We are called to be the staging ground for an insurrection grounded in the love and justice of God that can turn the world itself upside down.
Leviticus 19:1–2, 9–18
The Lord said to Moses, Say to the whole community of the Israelites: You must be holy, because I, the Lord your God, am holy.
When you harvest your land’s produce, you must not harvest all the way to the edge of your field; and don’t gather up every remaining bit of your harvest. Also do not pick your vineyard clean or gather up all the grapes that have fallen there. Leave these items for the poor and the immigrant; I am the Lord your God.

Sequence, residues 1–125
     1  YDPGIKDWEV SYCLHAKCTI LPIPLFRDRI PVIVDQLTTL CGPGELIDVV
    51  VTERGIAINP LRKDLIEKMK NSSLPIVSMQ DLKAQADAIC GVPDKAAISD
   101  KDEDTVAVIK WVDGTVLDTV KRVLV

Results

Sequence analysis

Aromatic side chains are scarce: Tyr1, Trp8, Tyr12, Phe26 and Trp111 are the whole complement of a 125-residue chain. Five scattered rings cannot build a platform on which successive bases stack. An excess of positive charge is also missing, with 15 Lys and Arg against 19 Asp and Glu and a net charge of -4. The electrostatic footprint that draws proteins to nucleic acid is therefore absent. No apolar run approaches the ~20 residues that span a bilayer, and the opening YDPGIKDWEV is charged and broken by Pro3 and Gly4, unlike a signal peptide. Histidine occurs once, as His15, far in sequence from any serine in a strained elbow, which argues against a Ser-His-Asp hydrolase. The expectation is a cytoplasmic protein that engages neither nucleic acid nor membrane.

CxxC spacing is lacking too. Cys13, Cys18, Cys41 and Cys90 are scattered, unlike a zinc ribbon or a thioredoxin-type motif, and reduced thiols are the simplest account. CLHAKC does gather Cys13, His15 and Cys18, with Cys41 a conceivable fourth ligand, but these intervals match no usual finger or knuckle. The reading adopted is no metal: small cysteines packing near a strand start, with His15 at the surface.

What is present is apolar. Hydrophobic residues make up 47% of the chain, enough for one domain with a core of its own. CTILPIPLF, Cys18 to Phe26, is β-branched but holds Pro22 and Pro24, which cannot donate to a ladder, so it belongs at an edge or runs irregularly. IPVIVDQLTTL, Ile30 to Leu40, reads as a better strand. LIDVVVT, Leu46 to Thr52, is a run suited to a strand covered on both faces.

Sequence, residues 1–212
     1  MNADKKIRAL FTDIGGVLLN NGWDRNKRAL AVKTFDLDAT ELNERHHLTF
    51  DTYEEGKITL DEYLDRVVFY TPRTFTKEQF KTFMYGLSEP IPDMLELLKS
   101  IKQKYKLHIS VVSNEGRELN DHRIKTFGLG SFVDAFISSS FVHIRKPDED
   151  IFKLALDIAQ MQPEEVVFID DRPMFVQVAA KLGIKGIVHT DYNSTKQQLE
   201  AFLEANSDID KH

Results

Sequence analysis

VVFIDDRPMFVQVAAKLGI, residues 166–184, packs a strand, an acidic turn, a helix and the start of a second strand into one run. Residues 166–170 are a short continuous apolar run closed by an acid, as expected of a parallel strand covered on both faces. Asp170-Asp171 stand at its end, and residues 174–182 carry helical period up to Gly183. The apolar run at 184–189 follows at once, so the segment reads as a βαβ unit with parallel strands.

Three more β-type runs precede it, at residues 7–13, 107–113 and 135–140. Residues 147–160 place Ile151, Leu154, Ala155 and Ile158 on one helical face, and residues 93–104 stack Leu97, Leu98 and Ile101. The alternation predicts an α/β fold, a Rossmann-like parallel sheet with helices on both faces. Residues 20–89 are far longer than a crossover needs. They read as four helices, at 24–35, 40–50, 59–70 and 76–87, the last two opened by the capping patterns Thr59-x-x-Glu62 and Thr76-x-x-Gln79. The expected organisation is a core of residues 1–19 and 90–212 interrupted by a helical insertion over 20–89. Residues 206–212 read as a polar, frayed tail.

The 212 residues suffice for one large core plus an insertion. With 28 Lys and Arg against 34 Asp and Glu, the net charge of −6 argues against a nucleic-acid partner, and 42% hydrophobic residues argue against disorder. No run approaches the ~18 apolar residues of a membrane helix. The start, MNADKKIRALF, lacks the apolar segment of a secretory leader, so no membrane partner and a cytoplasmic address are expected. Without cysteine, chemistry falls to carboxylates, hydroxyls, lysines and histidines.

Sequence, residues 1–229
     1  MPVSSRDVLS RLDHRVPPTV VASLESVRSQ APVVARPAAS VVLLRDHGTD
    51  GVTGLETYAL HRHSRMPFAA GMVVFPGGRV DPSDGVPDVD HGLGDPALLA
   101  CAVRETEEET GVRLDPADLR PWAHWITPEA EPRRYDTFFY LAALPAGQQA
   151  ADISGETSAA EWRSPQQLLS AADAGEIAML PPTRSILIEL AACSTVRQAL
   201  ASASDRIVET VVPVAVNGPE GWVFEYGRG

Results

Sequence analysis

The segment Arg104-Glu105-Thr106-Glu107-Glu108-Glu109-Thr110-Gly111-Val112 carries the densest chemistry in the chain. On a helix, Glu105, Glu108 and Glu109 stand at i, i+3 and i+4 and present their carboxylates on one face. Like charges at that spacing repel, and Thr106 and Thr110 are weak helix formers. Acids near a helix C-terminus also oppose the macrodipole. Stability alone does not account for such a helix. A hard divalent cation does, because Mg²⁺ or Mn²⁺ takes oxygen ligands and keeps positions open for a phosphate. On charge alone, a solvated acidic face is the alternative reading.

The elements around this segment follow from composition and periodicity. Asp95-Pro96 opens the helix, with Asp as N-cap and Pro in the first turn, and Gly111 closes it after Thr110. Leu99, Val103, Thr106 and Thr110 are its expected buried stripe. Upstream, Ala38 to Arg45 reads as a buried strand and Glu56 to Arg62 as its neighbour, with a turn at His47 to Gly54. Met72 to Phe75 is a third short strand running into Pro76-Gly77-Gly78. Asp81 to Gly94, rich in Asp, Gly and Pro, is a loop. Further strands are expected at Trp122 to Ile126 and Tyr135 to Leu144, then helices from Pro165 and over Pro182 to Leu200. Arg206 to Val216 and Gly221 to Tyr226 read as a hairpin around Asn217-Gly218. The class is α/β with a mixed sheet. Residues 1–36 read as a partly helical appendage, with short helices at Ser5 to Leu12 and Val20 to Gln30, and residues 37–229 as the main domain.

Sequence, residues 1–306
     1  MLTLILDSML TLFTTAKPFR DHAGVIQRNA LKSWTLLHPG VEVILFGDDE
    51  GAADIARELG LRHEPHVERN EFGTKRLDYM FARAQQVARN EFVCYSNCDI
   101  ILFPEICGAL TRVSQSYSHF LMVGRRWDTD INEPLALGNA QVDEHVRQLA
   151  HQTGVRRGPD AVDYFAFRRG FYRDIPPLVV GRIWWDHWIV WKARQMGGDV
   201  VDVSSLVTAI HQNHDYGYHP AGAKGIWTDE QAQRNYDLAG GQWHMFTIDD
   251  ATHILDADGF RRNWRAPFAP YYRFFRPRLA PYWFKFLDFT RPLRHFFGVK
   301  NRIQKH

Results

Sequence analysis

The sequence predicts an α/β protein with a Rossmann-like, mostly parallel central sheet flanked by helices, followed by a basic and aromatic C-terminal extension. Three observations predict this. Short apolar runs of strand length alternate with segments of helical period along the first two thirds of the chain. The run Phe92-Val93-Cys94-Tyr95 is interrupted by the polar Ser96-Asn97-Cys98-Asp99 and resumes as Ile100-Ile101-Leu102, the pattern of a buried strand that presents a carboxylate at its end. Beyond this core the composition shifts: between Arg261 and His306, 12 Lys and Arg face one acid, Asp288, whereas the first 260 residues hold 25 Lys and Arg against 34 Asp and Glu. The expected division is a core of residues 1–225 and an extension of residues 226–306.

You must not steal nor deceive nor lie to each other. You must not swear falsely by my name, desecrating your God’s name in doing so; I am the Lord. You must not oppress your neighbors or rob them. Do not withhold a hired laborer’s pay overnight. You must not insult a deaf person or put some obstacle in front of a blind person that would cause them to trip. Instead, fear your God; I am the Lord.
You must not act unjustly in a legal case. Do not show favoritism to the poor or deference to the great; you must judge your fellow Israelites fairly. Do not go around slandering your people. Do not stand by while your neighbor’s blood is shed; I am the Lord. You must not hate your fellow Israelite in your heart. Rebuke your fellow Israelite strongly, so you don’t become responsible for his sin. You must not take revenge nor hold a grudge against any of your people; instead, you must love your neighbor as yourself; I am the Lord.